12th March 2021 by Jack Allan
Magnetic resonance imaging (MRI) is a scan that uses strong magnetic fields and radio waves to produce detailed images of the inside of the body. They can be used to examine many parts of the body. Results of an MRI scan can be used to help diagnose conditions, plan treatments and assess how effective previous treatment has been.
During the examination, you lie on a flat bed that's moved into the scanner.
Depending on the part of your body being scanned, you'll be moved into the scanner either head first or feet first.
The scanner is controlled by a radiographer, using a computer, which is in a different room, to keep it away from the magnetic field generated by the scanner.
You'll be able to talk to the radiographer through an intercom and they'll be able to see you on a television monitor throughout the scan. There is sometimes a mirror so that you can see the radiographer too.
At times during the scan, the scanner will make loud banging noises. This is the electric current in the scanner coils being turned on and off. Often earplugs or headphones are provided to reduce this noise. Some people find the MRI scanner uncomfortable if they are claustrophobic, a light sedative can be prescribed by your GP to make this more comfortable and some hospitals have “open scanners” that are less restrictive.
It's very important to keep as still as possible during your MRI scan.
Scans can last between 15 to 90 minutes, depending on the size of the area being scanned and how many images are taken.
MRI scans painless and safe, with no evidence to suggest there's a risk to the human body. Because MRI uses magnetic fields, if you have a metal implant such as a pacemaker, metal implants, clips, you may not be able to have an MRI scan. If you have any tattoos, there may be some warmth around the area.
My experience of an MRI Scan
By Susan, Make 2nds Count Community Member:
Some people get anxious about having scans but the way I see it and in an ideal world I’d want to take advantage of all the very best diagnostics available to keep track of what my cancer is doing and so that if necessary treatment can be modified. I had a very difficult period prior to diagnosis where I knew that I had doctors diagnosing and treating me by guesswork and that ultimately led to being diagnosed with Stage 4 Breast Cancer only after I had massive spinal damage. I’m certain that it’s really important to understand what the best diagnostics are and make sure that’s what you’re getting and because it can be confusing particularly when first diagnosed. So you hear people talking about having a scan but “what sort? Where? What in particular is it able to see and potentially diagnose?”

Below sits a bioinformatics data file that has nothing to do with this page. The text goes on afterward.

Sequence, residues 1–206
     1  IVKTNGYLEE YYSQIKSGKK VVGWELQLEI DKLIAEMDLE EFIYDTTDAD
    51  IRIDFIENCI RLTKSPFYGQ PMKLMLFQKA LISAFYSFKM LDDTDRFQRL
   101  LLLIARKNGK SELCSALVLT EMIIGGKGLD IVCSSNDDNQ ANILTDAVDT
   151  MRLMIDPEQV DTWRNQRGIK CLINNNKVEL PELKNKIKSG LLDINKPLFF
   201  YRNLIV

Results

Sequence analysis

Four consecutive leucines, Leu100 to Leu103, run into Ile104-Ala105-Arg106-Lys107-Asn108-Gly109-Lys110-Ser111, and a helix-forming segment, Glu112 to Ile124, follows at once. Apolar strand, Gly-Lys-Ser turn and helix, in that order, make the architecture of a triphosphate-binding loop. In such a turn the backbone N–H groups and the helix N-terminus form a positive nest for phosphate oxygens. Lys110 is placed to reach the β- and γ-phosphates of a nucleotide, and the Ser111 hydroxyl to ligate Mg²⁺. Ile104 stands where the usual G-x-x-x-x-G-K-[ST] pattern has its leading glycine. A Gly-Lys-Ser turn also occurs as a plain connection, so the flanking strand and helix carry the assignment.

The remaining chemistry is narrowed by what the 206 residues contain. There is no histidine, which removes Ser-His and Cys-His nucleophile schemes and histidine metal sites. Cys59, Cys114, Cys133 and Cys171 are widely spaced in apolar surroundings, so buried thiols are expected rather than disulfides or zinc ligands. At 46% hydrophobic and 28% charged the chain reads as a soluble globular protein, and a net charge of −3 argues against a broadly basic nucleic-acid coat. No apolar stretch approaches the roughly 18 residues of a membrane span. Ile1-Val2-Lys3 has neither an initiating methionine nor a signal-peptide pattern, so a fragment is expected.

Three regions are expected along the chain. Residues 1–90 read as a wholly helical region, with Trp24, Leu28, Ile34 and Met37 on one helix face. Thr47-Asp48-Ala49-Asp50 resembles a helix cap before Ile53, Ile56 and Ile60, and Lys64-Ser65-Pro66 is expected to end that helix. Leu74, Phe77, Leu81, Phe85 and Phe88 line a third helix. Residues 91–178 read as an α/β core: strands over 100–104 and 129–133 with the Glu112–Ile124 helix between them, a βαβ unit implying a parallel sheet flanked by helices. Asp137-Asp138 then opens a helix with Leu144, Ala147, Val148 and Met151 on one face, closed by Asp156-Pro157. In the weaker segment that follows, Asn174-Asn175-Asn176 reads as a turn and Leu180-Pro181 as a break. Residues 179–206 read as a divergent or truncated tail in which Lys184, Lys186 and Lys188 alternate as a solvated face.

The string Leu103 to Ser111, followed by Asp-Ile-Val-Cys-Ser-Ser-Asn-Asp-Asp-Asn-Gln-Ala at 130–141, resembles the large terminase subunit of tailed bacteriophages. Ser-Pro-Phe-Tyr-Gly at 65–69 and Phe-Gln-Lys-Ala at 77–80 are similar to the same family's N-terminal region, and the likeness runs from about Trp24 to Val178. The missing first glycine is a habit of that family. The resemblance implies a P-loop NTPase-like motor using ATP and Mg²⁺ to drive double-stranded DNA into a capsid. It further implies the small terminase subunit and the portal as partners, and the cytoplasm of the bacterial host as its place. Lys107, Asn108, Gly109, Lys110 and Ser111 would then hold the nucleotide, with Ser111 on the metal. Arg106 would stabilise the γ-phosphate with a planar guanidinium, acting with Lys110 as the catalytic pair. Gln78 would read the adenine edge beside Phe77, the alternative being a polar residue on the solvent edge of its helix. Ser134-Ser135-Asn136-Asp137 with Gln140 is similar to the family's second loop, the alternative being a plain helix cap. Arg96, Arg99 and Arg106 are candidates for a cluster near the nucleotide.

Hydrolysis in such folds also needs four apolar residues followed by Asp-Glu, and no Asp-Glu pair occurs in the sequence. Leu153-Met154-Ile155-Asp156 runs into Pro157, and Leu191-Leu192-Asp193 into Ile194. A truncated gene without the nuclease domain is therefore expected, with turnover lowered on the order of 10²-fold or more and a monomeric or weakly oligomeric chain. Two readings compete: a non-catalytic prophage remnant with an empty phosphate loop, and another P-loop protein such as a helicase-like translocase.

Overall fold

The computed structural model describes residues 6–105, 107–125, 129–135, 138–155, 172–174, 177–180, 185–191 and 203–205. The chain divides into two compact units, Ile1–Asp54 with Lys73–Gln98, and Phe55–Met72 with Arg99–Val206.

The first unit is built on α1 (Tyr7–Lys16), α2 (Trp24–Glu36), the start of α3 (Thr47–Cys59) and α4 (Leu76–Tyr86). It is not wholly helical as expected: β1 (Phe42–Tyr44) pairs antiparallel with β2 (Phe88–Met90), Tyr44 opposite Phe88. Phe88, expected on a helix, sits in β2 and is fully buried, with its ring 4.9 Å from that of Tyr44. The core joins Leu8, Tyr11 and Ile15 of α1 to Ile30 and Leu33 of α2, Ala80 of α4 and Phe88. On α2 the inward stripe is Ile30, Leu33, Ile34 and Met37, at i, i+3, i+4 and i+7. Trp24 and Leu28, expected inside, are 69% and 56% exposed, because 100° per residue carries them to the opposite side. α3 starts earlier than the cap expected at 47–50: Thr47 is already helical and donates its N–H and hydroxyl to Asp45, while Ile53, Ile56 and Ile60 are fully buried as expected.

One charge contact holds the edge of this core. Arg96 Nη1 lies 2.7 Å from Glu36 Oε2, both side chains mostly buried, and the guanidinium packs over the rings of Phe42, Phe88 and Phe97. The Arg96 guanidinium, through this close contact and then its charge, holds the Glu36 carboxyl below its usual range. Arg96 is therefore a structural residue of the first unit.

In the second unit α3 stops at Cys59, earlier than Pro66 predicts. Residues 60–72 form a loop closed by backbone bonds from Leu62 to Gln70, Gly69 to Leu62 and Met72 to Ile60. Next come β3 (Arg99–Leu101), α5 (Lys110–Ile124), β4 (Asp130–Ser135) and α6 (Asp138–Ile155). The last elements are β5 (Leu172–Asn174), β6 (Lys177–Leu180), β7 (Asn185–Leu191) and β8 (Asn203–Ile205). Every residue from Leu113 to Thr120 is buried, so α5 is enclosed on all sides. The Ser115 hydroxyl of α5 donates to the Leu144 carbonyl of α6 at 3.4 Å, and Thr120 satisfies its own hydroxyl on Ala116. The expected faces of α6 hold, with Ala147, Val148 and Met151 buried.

In some circumstances the CT is not quite as good at detecting detail whereby an MRI can be used to generate an image of almost any part of the body from the brain or spinal cord to bones. So particularly when there may be symptoms or known spread to the brain and certain areas of the liver or as for me there’s widespread bone spread including to the skull and so concern it might go to the brain and the spinal column and with a history of spinal cord compression which required extensive neuro spinal surgery. Then it shows up more detail so better on an MRI. I have those if there’s anything happening symptomatically that suggests an MRI is required or in any case annually.
An MRI takes much longer than a CT scan and you have to lie still in enclosed space in the machine from 20 minutes up to an hour. I’ve always been in for an hour.
When I’ve gone for the appointment there’s been no particular preparation so I can eat and drink as normal. Exception to this is if your abdomen is of particular concern and then you may be asked not to eat anything for a few hours prior. This helps to get a clear picture.
I always wear clothes with no metal so I don’t have to take anything off at all. Gone are the days of designer high heeled shoes and fancy outfits. Now I’ve bought pull on trousers and a crop top bra with no wiring or fastening especially for scan days. You can’t wear anything that is metal so I leave all jewellery (including watch & earrings) at home on scan days.